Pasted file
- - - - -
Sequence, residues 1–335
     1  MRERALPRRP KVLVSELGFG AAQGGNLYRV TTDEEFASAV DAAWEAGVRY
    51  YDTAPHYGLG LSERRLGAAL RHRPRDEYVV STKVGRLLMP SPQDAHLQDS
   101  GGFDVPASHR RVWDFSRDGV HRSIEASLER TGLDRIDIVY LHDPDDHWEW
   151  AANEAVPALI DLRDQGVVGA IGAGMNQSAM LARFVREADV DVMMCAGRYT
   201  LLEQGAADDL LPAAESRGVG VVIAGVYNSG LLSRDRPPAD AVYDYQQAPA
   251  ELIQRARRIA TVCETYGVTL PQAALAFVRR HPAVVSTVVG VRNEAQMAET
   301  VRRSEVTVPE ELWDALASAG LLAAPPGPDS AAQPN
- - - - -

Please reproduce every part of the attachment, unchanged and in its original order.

Sequence, residues 1–335
     1  MRERALPRRP KVLVSELGFG AAQGGNLYRV TTDEEFASAV DAAWEAGVRY
    51  YDTAPHYGLG LSERRLGAAL RHRPRDEYVV STKVGRLLMP SPQDAHLQDS
   101  GGFDVPASHR RVWDFSRDGV HRSIEASLER TGLDRIDIVY LHDPDDHWEW
   151  AANEAVPALI DLRDQGVVGA IGAGMNQSAM LARFVREADV DVMMCAGRYT
   201  LLEQGAADDL LPAAESRGVG VVIAGVYNSG LLSRDRPPAD AVYDYQQAPA
   251  ELIQRARRIA TVCETYGVTL PQAALAFVRR HPAVVSTVVG VRNEAQMAET
   301  VRRSEVTVPE ELWDALASAG LLAAPPGPDS AAQPN